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Considering the cauldrons flawed design which didn’t conceal the guts of the mechanism, it’s diminutive size vs the scale of the event, the disgraceful way it was extinguished and trollied around unlit in broad daylight, and treated with such disrespect overall, one would hope at MINIMUM the design would be UNIQUE to the vision of the designer. That wasn’t the case. This cauldron had way to many problems for something that had years of planning and absolute unlimited potential.



DESIGN FAIL


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Considering the cauldrons flawed design which didn’t conceal the guts of the mechanism, it’s diminutive size vs the scale of the event, the disgraceful way it was extinguished and trollied around unlit in broad daylight, and treated with such disrespect overall, one would hope at MINIMUM the design would be UNIQUE to the vision of the designer. That wasn’t the case. This cauldron had way to many problems for something that had years of planning and absolute unlimited potential.

DESIGN FAIL

See. in my book, I'm calling it a cauldronette... ;) and it gets high marks for that. But it's not a real cauldron in the traditional sense.

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And I think it's somewhere in between personally, where I'm inclined to agree with Mark on the Green and Pleasant set and Baron on the cauldron issue. I think you went in way too strong in calling them a disgrace and accusing Heatherwick of "lying" before we knew any real facts and before Atopia backtracked. It seems to me Atopia is probably more right in their second statement. This is more about the way ideas transmit themselves through large organisations than anything outright seedy or unethical. I'm still inclined to put the Tor design down to coincidence and think, from what I've read, that the cauldron narrative may have had some influence from Atopia. Fact is, none of us know, so it's hard to take a strong position or point too many fingers.

Rob, it's fair to say that I don't know the facts because I don't. I am inclined to believe that there is willful deception going on at some level and it is very difficult to imagine how Danny Boyle and Thomas Heatherwick could be totally isolated from it. I could be wrong, but that is my belief. If I am correct, it is disgraceful. But you are right in that nothing has been proven. Nor, I suspect, will it ever be.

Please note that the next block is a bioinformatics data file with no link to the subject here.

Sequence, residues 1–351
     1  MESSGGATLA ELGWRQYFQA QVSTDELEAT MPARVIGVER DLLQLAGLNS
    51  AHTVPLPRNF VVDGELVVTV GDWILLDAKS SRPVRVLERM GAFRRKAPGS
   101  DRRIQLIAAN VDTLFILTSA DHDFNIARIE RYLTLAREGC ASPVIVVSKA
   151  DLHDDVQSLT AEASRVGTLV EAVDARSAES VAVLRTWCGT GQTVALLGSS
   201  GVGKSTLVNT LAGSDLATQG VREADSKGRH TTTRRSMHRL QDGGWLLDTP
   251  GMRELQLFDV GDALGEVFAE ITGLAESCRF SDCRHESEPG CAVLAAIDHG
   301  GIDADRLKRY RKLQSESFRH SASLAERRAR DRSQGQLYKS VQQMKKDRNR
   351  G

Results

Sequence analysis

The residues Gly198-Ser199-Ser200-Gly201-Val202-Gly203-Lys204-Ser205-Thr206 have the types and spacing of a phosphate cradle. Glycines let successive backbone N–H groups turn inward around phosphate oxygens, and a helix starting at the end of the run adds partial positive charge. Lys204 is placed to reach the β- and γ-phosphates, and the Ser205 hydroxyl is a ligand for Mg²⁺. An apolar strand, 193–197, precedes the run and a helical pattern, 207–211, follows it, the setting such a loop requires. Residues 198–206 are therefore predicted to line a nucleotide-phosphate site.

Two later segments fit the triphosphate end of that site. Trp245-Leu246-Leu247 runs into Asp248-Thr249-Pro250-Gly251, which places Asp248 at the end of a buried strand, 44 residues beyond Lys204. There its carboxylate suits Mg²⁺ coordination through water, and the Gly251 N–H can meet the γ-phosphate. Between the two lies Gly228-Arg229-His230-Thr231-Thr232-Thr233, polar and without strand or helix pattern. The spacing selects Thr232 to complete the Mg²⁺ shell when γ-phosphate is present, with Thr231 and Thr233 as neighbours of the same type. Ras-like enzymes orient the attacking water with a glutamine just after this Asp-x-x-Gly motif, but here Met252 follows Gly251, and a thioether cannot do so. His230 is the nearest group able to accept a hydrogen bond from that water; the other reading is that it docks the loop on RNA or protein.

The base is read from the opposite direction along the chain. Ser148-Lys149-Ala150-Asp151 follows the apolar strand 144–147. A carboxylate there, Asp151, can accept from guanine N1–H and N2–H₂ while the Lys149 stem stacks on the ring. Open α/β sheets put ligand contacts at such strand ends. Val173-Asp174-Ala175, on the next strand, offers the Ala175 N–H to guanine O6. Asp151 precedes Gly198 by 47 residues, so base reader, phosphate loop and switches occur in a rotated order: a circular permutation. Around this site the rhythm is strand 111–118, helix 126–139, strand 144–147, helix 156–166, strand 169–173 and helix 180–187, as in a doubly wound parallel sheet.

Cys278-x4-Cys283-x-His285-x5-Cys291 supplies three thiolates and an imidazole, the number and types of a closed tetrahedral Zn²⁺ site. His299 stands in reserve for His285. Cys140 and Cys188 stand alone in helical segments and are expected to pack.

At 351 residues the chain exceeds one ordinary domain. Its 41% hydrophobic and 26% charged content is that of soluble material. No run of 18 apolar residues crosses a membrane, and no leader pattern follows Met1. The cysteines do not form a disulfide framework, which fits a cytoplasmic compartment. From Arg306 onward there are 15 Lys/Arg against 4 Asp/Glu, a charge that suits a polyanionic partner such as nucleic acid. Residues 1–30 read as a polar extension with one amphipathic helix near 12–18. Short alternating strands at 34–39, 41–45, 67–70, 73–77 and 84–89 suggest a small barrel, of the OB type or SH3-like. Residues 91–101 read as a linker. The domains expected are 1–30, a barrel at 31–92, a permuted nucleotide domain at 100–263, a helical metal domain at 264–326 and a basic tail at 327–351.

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There are complications to this story which we have not really considered properly. For example, the UK Government's buy-out to circumvent the IOC's ban on non-sponsor supplier publicity is a licence scheme, open only to those who actually supplied goods or services to London 2012. Atopia seem to have spent two years (from 2006 to early 2008) making blue-sky proposals, none of which turned into something that LOCOG could actually buy. Hence, the IOC gag would normally still apply to them, as it would to anybody hoping to cash in on the Olympics by publicising the fact that they had put in a proposal.

We know that, in their original bid, LOCOG planned to have young people bring objects from around the world to the Olympics, via the Friend Ship. Did Atopia have this in mind when planning their version of the One Planet Pavilion? Did LOCOG actively seek alternative "young people bring objects from around the world to the Olympics" schemes to replace the Friend Ship, and were either or both of Atopia and Boyle/Heatherwick invited to incorporate such a scheme in their proposals?

It is notable that the un-illustrated proposal document submitted by Atopia to LOCOG has not been released (although their earlier "White Paper" and "Greenfingers" documents have). Without seeing it, we cannot know what ideas really could have been put into LOCOG's heads by Atopia.

It is equally notable that what was released was internal Atopia documentation with illustrations of a design that could not actually have functioned in the way described by the accompanying text. Was this really their embryonic master-design for the One Planet Pavilion, or was it just one among many products of brainstorming?
And if LOCOG never saw illustrations of the design, and no accusation of plagiarism was intended, why was the released document accompanied by Jane Harrison's comment on the cauldron "It looked identical to something we had proposed to the London Olympic committee back in 2007"?